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Among the Impostors: The Shadow Children Book Two (Shadow Children #02)by Margaret Peterson Haddix
Sometimes he whispered his real name in the dark, in the middle of the night.
"Luke. My name is Luke."
He was sure no one could hear. His roommates were all asleep, and even if they weren't, there was no way the sound of his name could travel even the short distance to the bed above or beside him. He was fairly certain there were no bugs on him or in his room. He'd looked. But even if he'd missed seeing a microphone hidden in a mattress button or carved into the headboard, how could a microphone pick up a whisper he could barely hear himself?
He was safe now. Lying in bed, wide awake while everyone else slept, he reassured himself of that fact constantly. But his heart pounded and his face went clammy with fear every time he rounded his lips for that "u" sound — instead of the fake smile of the double "e" in Lee, the name he had to force himself to answer to now.
It was better to forget, to never speak his real name again.
But he'd lost everything else. Even just mouthing his name was a comfort. It seemed like his only link now to his past, to his parents, his brothers.
By day, he kept his mouth shut.
He couldn't help it.
That first day, walking up the stairs of the Hendricks School for Boys with Jen's father, Luke had felt his jaw clench tighter and tighter the closer he got to the front door.
"Oh, don't look like that," Mr. Talbot had said, pretending to be jolly. "It's not reform school or anything."
The word stuck in Luke's brain. Reform. Re-form. Yes, they were going to re-form him. They were going to take a Luke and make him a Lee.
It was safe to be Lee. It wasn't safe to be Luke.
Jen's father stood with his hand on the ornate doorknob, waiting for a reply. But Luke couldn't have said a word if his life depended on it.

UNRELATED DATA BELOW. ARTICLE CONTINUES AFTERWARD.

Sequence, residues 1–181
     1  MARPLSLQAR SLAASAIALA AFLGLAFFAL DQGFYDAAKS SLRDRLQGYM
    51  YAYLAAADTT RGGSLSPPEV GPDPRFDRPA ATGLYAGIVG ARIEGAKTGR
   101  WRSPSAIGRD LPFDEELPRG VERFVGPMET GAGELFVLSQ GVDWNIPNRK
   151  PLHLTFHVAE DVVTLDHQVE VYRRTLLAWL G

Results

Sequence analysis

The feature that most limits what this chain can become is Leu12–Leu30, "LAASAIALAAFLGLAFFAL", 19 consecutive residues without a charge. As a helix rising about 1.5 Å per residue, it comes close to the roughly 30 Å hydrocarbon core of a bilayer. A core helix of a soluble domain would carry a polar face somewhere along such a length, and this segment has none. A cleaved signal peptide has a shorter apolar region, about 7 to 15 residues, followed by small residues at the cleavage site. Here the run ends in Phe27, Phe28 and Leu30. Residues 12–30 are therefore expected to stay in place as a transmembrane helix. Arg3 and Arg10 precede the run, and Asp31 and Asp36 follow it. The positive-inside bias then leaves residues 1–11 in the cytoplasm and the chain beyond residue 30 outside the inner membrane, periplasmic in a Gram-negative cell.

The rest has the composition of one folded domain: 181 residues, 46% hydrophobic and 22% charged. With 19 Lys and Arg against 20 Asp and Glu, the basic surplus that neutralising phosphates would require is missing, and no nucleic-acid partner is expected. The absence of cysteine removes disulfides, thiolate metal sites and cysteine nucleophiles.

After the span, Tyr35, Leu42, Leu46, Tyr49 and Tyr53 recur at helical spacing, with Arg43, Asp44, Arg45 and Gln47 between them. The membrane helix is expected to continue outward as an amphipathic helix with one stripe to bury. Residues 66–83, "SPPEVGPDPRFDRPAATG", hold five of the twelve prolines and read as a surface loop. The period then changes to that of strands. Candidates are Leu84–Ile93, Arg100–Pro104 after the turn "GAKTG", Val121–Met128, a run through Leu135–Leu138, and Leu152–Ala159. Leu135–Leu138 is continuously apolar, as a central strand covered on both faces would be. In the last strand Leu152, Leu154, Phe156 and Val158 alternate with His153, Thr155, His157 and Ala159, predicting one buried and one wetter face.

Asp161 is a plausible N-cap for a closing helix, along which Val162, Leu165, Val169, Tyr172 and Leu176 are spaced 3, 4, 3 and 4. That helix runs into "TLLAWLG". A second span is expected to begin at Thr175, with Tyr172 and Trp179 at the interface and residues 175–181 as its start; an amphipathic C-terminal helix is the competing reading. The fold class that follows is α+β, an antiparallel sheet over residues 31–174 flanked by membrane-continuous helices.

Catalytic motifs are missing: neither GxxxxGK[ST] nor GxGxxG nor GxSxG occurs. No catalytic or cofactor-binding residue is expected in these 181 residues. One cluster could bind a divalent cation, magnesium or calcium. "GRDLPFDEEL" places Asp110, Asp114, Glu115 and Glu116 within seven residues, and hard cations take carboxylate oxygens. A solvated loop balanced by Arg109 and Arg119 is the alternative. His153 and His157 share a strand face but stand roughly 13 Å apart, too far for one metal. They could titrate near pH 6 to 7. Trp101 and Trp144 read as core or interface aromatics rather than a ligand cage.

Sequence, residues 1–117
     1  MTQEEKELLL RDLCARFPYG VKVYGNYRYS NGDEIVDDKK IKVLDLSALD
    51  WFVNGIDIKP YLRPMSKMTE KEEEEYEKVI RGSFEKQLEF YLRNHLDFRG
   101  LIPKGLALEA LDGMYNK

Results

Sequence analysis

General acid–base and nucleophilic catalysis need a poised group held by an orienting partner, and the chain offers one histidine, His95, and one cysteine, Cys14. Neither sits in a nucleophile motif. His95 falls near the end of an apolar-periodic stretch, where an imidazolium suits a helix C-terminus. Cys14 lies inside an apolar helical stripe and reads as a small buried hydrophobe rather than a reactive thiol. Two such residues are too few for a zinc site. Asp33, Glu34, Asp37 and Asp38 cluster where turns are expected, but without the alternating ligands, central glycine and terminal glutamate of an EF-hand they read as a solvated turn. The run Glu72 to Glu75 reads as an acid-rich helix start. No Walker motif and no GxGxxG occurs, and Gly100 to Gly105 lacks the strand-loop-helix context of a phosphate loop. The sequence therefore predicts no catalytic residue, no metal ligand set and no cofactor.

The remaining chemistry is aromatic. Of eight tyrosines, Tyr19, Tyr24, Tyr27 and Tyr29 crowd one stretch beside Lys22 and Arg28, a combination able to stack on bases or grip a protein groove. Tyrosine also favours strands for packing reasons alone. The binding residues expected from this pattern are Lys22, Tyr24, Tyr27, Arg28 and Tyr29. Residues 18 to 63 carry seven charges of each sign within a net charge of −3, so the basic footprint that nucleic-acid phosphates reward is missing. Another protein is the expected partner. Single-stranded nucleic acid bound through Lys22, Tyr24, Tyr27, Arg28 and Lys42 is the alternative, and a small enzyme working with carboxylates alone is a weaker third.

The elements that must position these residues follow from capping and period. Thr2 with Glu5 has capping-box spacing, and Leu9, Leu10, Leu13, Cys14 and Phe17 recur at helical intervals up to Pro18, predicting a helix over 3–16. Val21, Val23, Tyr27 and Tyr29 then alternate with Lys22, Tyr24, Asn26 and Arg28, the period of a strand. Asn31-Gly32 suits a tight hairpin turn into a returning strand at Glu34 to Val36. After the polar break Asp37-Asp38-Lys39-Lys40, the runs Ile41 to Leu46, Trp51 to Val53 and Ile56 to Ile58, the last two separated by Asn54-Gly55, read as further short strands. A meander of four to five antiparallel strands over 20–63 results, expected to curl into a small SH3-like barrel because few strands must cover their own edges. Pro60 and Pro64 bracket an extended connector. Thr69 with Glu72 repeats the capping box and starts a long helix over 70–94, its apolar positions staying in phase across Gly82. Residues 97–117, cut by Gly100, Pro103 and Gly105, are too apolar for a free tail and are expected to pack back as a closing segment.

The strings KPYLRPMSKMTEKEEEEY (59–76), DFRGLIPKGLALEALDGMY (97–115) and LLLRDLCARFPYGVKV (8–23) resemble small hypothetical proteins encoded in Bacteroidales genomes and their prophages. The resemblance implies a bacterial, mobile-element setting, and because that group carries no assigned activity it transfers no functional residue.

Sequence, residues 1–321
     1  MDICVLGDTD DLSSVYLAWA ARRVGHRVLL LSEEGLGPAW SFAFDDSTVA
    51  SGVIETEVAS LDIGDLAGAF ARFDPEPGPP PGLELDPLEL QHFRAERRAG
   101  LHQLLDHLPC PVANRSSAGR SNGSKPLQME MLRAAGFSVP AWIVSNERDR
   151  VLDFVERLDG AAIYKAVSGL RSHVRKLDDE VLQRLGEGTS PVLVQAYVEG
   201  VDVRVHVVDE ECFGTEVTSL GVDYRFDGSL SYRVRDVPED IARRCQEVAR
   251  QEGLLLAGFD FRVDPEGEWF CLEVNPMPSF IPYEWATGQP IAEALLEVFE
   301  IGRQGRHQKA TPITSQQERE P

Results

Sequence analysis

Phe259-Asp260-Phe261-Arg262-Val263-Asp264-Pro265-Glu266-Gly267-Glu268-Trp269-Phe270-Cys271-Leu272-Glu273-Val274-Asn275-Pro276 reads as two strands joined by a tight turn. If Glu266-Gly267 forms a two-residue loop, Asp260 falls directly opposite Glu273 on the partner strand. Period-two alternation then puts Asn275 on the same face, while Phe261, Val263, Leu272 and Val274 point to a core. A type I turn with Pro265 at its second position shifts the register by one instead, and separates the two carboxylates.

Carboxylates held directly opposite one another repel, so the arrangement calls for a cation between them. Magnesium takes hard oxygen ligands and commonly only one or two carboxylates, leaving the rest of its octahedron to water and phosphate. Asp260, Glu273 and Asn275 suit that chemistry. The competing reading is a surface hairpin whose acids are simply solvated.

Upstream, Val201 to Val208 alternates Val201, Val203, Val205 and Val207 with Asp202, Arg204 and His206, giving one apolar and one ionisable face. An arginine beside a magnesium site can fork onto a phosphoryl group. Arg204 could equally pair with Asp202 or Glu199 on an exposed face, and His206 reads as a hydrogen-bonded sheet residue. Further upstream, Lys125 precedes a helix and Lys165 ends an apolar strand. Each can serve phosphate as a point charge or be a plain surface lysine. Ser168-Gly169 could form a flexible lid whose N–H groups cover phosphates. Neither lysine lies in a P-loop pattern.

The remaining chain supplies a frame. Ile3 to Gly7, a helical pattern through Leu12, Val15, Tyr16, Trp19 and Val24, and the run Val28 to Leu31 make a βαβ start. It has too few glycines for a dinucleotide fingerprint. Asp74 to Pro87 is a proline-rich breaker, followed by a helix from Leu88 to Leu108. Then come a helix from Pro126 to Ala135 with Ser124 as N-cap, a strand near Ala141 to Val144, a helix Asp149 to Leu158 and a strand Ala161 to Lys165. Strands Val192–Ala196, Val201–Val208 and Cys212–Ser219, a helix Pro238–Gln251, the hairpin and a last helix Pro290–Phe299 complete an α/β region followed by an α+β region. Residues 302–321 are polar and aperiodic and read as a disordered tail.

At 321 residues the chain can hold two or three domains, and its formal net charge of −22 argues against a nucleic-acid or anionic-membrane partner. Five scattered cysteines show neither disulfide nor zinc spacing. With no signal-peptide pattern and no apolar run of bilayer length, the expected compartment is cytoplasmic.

Jen's father hesitated, then pulled on the heavy door. They walked down a long hallway. The ceiling was so far away, Luke thought he could have stood his entire family on his shoulders — one on top of the other, Dad and Mother and Matthew and Mark — and the highest one still would barely touch. The walls were lined, floor to ceiling, with old paintings of people in costumes Luke had never seen outside of books.
Of course, there was very little he'd ever seen outside of books.
He tried not to stare, because if he really were Lee, surely everything would look familiar and ordinary. But that was hard to remember. They passed a classroom where dozens of boys sat in orderly rows, everyone facing away from the door. Luke gawked for so long that he practically began walking backwards. He'd known there were a lot of people in the world, but he'd never been able to imagine so many all in one place at the same time. Were any of them shadow children with fake identities, like Luke?
Jen's father clapped a hand on his shoulder, turning him around.
"Ah, here's the headmaster's office," Mr. Talbot said heartily. "Just what we were looking for."
Luke nodded, still mute, and followed him through a tall doorway.